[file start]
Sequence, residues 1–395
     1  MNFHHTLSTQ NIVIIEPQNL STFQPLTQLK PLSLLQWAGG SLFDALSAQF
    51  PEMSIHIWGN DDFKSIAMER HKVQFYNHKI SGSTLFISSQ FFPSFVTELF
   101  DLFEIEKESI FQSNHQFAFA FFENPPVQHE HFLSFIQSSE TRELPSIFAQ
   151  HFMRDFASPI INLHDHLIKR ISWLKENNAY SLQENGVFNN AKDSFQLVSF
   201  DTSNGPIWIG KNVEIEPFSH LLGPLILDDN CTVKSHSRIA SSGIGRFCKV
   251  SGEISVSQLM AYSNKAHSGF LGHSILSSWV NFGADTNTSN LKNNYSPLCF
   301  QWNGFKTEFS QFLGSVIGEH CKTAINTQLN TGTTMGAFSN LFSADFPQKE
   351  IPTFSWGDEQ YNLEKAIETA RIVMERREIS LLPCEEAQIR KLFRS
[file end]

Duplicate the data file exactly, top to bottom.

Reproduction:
Sequence, residues 1–395
     1  MNFHHTLSTQ NIVIIEPQNL STFQPLTQLK PLSLLQWAGG SLFDALSAQF
    51  PEMSIHIWGN DDFKSIAMER HKVQFYNHKI SGSTLFISSQ FFPSFVTELF
   101  DLFEIEKESI FQSNHQFAFA FFENPPVQHE HFLSFIQSSE TRELPSIFAQ
   151  HFMRDFASPI INLHDHLIKR ISWLKENNAY SLQENGVFNN AKDSFQLVSF
   201  DTSNGPIWIG KNVEIEPFSH LLGPLILDDN CTVKSHSRIA SSGIGRFCKV
   251  SGEISVSQLM AYSNKAHSGF LGHSILSSWV NFGADTNTSN LKNNYSPLCF
   301  QWNGFKTEFS QFLGSVIGEH CKTAINTQLN TGTTMGAFSN LFSADFPQKE
   351  IPTFSWGDEQ YNLEKAIETA RIVMERREIS LLPCEEAQIR KLFRS